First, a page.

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JOHN LORD DE JOINVILLE Memoirs of Louis IX, King of France


Sir John Froissart's Chronicles of England, France, Spain and the Ajoining Countries from the latter part of the reign of Edward II to the coronation of Henry IV in 12 volumes 

Chronicles of Enguerrand De Monstrelet (Sir John Froissart's Chronicles continuation) in 13 volumes 

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Memoirs of Louis IX, King of France
page 199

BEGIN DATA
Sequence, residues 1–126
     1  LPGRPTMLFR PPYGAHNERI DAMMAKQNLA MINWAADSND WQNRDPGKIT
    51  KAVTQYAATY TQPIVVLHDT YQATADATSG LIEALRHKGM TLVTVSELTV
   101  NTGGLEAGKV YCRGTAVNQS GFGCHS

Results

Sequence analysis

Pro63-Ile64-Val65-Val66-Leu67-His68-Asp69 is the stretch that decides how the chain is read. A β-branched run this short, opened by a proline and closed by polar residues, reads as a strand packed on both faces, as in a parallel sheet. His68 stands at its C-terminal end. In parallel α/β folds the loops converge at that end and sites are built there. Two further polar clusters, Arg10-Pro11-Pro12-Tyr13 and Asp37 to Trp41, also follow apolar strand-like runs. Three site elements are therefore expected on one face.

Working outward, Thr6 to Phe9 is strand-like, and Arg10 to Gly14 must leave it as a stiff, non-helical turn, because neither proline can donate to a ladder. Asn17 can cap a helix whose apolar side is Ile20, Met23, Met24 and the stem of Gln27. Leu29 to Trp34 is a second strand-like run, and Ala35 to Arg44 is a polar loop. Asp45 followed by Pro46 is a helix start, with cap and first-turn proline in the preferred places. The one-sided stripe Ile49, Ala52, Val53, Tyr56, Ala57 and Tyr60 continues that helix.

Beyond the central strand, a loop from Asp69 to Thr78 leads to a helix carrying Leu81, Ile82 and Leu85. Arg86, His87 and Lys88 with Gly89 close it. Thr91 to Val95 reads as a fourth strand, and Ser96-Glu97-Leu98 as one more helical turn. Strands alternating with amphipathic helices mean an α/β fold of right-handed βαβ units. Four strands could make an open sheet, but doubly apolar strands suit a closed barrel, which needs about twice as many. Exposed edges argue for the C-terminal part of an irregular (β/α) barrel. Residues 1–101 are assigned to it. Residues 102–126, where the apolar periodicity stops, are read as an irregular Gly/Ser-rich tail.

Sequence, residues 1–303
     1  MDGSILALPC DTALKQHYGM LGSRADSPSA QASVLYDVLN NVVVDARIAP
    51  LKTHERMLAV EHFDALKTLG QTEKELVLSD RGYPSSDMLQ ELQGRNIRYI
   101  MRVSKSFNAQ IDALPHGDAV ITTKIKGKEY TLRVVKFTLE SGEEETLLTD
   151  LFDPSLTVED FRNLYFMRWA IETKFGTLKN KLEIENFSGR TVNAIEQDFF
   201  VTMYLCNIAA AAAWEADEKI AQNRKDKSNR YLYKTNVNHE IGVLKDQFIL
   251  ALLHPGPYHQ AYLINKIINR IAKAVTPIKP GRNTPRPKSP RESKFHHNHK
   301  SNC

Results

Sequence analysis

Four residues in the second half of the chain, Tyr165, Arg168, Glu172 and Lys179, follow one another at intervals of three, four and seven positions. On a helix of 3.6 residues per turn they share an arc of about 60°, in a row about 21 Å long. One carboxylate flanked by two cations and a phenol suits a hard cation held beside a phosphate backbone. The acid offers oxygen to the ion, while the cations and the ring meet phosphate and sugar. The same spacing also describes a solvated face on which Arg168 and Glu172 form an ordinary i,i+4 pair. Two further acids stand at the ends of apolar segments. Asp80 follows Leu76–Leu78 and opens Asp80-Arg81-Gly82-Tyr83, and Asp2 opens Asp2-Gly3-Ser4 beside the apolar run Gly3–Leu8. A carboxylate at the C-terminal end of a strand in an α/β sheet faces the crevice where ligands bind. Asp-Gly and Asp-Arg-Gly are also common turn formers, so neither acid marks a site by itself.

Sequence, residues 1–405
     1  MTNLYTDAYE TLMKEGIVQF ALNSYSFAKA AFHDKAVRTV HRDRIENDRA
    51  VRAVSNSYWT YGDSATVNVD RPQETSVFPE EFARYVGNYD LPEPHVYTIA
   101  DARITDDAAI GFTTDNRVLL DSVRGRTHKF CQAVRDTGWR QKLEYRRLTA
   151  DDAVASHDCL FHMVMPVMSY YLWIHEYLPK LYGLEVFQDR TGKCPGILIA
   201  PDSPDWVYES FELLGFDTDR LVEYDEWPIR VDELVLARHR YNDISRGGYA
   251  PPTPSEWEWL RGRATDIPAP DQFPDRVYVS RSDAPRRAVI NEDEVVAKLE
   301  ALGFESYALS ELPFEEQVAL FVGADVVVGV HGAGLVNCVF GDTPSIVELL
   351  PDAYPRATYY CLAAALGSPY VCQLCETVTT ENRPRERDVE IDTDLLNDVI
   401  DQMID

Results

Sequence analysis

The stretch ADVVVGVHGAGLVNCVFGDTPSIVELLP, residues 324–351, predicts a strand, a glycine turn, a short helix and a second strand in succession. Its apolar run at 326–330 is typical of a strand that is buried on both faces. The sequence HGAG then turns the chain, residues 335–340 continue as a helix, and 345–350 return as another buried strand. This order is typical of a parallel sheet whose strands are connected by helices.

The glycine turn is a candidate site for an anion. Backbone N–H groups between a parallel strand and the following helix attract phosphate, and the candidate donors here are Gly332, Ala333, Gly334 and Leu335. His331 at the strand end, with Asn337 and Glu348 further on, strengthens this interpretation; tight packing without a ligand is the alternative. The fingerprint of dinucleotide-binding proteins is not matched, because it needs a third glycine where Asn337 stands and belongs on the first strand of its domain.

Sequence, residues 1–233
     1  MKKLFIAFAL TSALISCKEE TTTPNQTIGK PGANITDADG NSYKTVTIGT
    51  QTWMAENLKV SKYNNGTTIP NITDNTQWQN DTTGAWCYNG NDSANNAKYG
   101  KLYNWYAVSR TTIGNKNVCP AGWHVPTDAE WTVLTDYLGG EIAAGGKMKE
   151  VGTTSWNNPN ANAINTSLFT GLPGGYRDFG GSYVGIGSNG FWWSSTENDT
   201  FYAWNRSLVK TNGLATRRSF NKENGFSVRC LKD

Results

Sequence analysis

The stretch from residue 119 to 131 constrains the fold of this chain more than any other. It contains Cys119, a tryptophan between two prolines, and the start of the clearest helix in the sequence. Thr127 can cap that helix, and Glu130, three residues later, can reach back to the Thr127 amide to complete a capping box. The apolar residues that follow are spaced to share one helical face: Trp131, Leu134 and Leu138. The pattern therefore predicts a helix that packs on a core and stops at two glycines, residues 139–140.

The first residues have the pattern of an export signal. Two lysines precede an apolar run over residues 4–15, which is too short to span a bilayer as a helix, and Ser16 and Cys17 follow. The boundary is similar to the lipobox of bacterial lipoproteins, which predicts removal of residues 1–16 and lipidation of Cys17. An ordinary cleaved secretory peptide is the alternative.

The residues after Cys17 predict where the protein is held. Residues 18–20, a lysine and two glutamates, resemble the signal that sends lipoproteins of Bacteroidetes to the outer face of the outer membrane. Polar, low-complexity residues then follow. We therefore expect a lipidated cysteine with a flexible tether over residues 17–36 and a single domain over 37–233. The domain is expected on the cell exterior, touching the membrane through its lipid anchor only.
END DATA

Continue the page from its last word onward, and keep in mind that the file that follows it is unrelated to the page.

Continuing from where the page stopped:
marched conjointly to the siege of Damascus, and reduced the town to the utmost distress from want of provision. The inhabitants, after they had consumed the vilest food, did not scruple to feed on the bodies of such as died, to preserve their lives. Nedjm-Eddin had returned to Egypt ; but he hastened to Syria again, with a numerous army, attacked the Kharesmiens, and totally defeated them in two battles. In the year 644, the emir Fakreddin won from the Franks the castle of Tiberias and tbe town of Ascalon, both of which he razed to the ground. This year was fatal to the Franks, from their intestine divisions. In tbe year 645, the sultan returned to Egypt, and passed through Ramie.* He was there attacked with an abscess, which turned to a fistula ; but in spite of this accident, he continued his journey, and arrived at Cairo. New troubles, which had arisen in Syria, called him again into that province ; bnt having learned at Damascus, f that the French were preparing to invade Egypt, he preferred defending his own kingdom in person. In spite of the violence of his sufferings from pain, he mounted his litter, and arrived at Achmoum-Tanah,{ at the beginning of the year 647. A s he had no doubt but that Damietta would be the first place attacked, he endeavoured to put it in a state of defence, and formed there magazines of every sort of provision, arms, and ammunition. The emir Fakreddin was ordered to march toward that town, to prevent a descent on the coast Fak reddin encamped at Gizé de Damietta, with the Nile between his camp and the town. The disorder of the sultan, however, grew worse ; and he caused proclamation to be made, that all to whom he owed any thing should present themselves at his treasury, when they would be paid.§ * Ramlé. Remi signifies sand. Ramla is a town some leagues from Jaffa or Joppa, on the road to Jerusalem. f Makriai, in his description of Egypt, says, that in the year of the H egira 647 (A.D. 1249), the emperor sent an ambassador to the sultan Nedjm-Eddin, who was then ill at Damascus : that this ambassador was disguised as a merchant, and informed the sultan of the preparations of the king of France against Egypt. X Achmoum, or Achmoum-Tanah, a town on the Nile, and the capital of one of the provinces of Egypt called Dahkalié, fifty-four deg. longitude, thirty-one deg. fifty-four min. latitude.—Abulfeda. § It is one point of the Mahommedan law to pay all debts before

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